9.2 Individual Freedom to Flourish

Individual freedom to flourish is an important component of governance acceptability, balancing individual liberty and collective needs.

At the start of this book it was noted that there are different concepts of ‘freedom’.  Individualists and collectivists have different perspectives (2.2).  These positions emerge strongly in politics: 

●  Individualists emphasise personal liberty, defining it as freedom from constraints and protection of property rights (6.2.2). They want to pay as little tax as possible and minimise the role of the State.

●  Collectivists believe that the wellbeing of the community requires individuals to surrender some liberty (6.2.3). They believe that we are collectively responsible for ensuring, as far as possible, that everyone is free from hardship and has a reasonable opportunity to live a fulfilling life.  This requires taxes to be collected.

This book argues that extreme positions in either direction are dysfunctional and that a centrist compromise needs to be reached – since both individual freedom and the well-being of the community are important (6.2.6).  Agreement on these topics is reached in democracies by voting for political parties.  An authoritarian government would not offer negotiation (6.3.1), but it would be most unwise for it to ignore what people want. 

The American Declaration of Independence reflects the dichotomy between personal liberty and collective well-being:

“We hold these truths to be self-evident, that all men are created equal, that they are endowed by their Creator with certain unalienable Rights, that among these are Life, Liberty and the pursuit of Happiness.  — That to secure these rights, Governments are instituted among Men, deriving their just powers from the consent of the governed, — That whenever any Form of Government becomes destructive of these ends, it is the Right of the People to alter or to abolish it, and to institute new Government, laying its foundation on such principles and organizing its powers in such form, as to them shall seem most likely to effect their Safety and Happiness.”

The reference to “Liberty” is an individualist concern, but there is also a collectivist strand in the Declaration: the words that “Governments are instituted among Men” to secure the “equal” rights of “all men” to the “pursuit of Happiness”. 

John Stuart Mill articulated the individualist viewpoint in his essay On Liberty, which included his ‘Harm Principle‘:

“the only purpose for which power can be rightfully exercised over any member of a civilized community, against his will, is to prevent harm to others.” [Chap. I, Para. 9] 

A key area of contention in this statement is the expression “against his will”.  The individualist argument is that those who want governance that is more extensive than a “minimal State” ( could only have this by imposing their will on other people: a “philosophy of violence and coercion”, as Milton Friedman expressed it.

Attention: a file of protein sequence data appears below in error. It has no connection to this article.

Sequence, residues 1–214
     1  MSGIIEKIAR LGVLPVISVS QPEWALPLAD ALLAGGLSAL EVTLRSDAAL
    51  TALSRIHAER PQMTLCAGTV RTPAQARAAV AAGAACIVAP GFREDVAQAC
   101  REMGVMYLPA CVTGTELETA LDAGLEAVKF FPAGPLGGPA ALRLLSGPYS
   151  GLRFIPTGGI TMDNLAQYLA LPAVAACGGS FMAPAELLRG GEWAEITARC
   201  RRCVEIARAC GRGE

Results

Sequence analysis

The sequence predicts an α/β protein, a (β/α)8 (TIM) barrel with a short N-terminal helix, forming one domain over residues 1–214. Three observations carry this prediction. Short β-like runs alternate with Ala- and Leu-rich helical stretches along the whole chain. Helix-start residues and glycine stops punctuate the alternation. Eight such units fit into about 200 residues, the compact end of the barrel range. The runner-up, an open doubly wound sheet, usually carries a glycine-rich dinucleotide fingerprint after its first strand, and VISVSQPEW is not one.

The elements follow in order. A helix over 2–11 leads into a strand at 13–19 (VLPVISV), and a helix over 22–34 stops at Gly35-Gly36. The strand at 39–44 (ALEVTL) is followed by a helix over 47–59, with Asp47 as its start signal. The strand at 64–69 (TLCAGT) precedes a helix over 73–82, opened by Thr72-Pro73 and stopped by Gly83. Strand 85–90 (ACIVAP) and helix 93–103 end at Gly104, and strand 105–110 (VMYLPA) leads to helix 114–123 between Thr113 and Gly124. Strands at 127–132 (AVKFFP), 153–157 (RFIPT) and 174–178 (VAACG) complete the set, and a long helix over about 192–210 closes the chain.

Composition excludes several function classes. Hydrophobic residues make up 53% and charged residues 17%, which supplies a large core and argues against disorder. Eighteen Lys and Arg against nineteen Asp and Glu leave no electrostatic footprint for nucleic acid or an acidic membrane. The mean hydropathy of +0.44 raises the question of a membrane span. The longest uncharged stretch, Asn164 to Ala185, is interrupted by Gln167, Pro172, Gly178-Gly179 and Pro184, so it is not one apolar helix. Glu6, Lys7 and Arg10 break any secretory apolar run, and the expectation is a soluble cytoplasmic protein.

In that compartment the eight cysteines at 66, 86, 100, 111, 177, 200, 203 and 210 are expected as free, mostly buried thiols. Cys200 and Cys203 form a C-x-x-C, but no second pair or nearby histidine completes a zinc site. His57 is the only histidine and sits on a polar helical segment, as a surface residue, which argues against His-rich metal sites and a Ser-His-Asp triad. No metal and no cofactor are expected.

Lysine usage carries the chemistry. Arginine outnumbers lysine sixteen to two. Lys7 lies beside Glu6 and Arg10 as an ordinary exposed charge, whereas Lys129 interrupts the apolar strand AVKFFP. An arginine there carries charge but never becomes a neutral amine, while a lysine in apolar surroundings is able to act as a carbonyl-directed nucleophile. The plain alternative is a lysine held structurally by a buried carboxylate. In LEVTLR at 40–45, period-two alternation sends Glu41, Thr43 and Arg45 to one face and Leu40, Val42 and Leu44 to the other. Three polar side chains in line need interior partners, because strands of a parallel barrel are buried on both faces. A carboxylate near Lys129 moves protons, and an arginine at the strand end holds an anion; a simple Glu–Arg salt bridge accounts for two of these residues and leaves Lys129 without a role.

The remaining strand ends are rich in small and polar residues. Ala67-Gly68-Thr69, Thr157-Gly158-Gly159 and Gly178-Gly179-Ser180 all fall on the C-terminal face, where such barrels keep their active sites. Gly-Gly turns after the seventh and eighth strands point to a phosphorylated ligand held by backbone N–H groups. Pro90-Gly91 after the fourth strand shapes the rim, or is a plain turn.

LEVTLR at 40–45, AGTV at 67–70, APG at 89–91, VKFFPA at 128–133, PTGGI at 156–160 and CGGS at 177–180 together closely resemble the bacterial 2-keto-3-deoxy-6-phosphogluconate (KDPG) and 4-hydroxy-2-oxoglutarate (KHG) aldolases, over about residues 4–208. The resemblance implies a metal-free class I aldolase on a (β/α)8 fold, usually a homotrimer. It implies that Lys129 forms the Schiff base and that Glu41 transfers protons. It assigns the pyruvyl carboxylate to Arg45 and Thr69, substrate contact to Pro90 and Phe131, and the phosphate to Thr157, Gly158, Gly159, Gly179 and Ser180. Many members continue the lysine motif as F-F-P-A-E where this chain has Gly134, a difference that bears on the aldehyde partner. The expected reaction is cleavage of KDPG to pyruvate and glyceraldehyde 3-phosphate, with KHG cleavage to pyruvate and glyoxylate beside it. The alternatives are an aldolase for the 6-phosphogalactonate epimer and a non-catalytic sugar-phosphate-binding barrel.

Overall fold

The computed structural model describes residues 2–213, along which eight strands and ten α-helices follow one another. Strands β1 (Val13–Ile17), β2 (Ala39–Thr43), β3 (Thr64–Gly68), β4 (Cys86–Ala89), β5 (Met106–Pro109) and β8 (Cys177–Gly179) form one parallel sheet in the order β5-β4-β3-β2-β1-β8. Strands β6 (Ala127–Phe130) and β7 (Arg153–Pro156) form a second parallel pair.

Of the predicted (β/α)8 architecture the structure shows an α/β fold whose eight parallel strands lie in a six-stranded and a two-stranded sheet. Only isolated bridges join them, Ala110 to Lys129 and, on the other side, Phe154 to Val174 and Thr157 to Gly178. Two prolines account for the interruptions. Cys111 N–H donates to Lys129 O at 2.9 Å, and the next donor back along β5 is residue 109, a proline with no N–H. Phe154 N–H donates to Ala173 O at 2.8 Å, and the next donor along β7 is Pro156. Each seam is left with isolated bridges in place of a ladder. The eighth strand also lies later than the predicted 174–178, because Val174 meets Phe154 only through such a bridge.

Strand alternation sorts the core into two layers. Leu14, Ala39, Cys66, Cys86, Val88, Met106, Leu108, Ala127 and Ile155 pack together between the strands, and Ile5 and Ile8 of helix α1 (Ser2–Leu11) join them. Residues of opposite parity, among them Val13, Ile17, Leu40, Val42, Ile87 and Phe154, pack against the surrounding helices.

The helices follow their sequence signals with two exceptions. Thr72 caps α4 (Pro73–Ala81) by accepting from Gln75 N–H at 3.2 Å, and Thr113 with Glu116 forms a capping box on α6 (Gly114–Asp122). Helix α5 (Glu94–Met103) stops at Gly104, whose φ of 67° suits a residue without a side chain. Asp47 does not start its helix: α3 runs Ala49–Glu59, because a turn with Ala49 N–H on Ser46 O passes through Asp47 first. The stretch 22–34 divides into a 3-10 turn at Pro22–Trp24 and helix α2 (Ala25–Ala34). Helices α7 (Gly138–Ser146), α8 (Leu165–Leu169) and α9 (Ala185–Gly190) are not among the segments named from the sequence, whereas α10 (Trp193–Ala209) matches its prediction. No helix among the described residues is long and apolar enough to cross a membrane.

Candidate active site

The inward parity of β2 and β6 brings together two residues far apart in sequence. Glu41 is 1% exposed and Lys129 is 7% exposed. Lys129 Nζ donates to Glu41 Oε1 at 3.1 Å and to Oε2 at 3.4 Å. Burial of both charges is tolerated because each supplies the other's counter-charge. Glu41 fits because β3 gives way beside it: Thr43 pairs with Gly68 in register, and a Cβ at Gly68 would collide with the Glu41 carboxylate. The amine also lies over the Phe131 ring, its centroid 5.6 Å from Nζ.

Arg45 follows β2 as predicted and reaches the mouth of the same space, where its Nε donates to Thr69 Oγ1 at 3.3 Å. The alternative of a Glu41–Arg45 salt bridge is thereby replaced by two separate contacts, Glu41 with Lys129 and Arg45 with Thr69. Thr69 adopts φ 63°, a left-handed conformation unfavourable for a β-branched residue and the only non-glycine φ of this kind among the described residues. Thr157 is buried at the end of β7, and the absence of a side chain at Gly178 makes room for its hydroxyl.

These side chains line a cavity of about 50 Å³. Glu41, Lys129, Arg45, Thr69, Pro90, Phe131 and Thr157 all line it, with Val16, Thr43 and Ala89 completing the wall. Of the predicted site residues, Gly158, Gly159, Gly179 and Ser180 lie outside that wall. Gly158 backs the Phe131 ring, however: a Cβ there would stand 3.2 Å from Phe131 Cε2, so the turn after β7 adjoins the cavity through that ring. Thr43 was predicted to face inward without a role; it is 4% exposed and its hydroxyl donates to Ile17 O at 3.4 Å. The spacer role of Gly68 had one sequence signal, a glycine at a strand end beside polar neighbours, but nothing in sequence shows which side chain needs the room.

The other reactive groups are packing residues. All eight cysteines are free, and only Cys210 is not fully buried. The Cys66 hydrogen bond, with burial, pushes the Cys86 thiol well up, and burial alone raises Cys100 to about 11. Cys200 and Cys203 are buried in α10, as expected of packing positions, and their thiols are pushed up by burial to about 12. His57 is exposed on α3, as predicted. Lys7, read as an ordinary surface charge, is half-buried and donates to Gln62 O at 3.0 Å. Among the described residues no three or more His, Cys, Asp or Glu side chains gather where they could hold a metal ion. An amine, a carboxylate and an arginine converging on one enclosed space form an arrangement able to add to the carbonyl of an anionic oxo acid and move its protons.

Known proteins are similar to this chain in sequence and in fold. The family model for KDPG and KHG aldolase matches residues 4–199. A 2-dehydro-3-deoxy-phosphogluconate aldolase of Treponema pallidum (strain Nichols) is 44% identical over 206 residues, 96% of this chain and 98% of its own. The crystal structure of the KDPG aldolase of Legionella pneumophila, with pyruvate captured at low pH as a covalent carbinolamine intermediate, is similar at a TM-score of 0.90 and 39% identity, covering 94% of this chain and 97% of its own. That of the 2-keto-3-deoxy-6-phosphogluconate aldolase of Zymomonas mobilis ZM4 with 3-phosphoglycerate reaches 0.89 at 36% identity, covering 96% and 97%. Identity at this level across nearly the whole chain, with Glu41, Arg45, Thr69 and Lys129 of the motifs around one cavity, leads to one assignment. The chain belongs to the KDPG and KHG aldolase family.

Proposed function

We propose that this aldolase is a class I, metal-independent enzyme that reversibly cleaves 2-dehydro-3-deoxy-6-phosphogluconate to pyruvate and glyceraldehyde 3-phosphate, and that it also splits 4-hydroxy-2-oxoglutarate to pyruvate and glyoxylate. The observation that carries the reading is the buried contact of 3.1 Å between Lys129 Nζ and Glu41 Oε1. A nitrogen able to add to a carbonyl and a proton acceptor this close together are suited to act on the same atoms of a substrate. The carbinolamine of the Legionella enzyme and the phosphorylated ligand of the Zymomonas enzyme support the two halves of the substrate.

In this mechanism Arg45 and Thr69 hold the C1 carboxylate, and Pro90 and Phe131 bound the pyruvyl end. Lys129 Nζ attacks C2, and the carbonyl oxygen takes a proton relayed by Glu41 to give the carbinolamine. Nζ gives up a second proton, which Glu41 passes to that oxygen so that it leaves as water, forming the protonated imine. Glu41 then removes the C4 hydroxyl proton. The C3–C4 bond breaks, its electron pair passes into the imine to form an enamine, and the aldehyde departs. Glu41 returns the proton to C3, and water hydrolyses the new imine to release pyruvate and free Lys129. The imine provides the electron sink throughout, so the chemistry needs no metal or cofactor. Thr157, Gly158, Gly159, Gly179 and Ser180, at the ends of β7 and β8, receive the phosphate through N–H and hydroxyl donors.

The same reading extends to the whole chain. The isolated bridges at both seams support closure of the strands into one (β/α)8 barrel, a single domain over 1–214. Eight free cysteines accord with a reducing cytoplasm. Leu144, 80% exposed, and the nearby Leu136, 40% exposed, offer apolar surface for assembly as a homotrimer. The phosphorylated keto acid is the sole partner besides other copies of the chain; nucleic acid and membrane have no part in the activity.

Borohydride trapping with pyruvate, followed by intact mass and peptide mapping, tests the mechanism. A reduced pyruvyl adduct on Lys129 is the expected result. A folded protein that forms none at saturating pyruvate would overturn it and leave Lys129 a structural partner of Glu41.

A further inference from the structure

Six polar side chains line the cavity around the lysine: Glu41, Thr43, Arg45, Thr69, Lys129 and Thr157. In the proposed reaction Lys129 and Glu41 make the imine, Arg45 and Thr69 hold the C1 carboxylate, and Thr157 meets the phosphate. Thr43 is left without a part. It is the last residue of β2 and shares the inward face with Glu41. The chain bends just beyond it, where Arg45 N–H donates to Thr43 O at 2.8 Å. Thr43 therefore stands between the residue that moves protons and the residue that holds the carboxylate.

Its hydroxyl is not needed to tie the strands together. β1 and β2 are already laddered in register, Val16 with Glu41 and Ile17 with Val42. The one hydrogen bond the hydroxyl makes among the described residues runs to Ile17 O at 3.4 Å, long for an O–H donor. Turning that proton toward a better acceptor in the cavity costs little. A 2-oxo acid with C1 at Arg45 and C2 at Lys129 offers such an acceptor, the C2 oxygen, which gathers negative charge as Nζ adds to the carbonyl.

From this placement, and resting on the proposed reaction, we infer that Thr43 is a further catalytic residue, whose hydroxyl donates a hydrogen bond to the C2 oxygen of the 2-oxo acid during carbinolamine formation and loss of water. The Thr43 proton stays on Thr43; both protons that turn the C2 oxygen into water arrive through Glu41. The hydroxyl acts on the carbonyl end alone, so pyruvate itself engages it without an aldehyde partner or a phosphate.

Rousseau though, in The Social Contract, articulated a collectivist viewpoint.  He argued that people do not lose their freedom by contracting with others because:

“Each of us puts his person and all his power in common under the supreme direction of the general will, and, in our corporate capacity, we receive each member as an indivisible part of the whole.” [Book 1 Chap. 6]

Rousseau failed to acknowledge the need to restrict the scope of governance, though, and he failed to mention the need to avoid oppressing minorities.  He argued that those who didn’t agree must be “forced to be free”. 

A balance is needed between Mill’s concept of individual liberty and Rousseau’s collectivist vision.  Isaiah Berlin articulated this clearly, as described in an essay by Michael Ignatieff:

“Without the equality of life chances created by shared public goods—decent homes, good schools, affordable transport, universities accessible to anyone with ability—liberty would remain the privilege of the rich and fortunate. So freedom from—from arbitrariness, injustice and monopoly power—had to advance hand in hand with freedom to—to choose your rulers and create a shared world in common.”

It is suggested here that a framework of ‘freedom with responsibility’ is required, as illustrated below:

Mill’s ‘Harm Principle’ needs to be restated:

People should be as free as possible, subject to them not harming others and meeting their obligations to society.

Individual freedom to flourish must be constantly renegotiated as circumstances change, so the political system needs to enable negotiation (6.8.4).  Negotiations can only be constructive if people understand each other’s viewpoints and share a common language when they are trying to reconcile their differences.  The following sections are an attempt to clarify the arguments:

●  Constant vigilance is needed to prevent oppression by those with power (9.2.1). There are numerous examples of abuse of power in different political systems, past and present.

●  The scope of governance should be limited, to meet individualist concerns (9.2.2). The objective is to minimise the constraints on individual liberty, within the limits of the restated harm principle above.  Choice should be offered where possible.

●  Governance can also meet the collectivist aims of ensuring that everyone has meaningful opportunities to flourish (9.2.3). This requires human rights to be guaranteed and people’s security to be protected.

●  A scope is suggested for people’s responsibilities to society (9.2.4). It includes paying appropriate levels of tax and abiding within agreed standards of behaviour.



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This page is intended to form part of Edition 4 of the Patterns of Power series of books.  An archived copy of it is held at https://www.patternsofpower.org/edition04/92a.htm.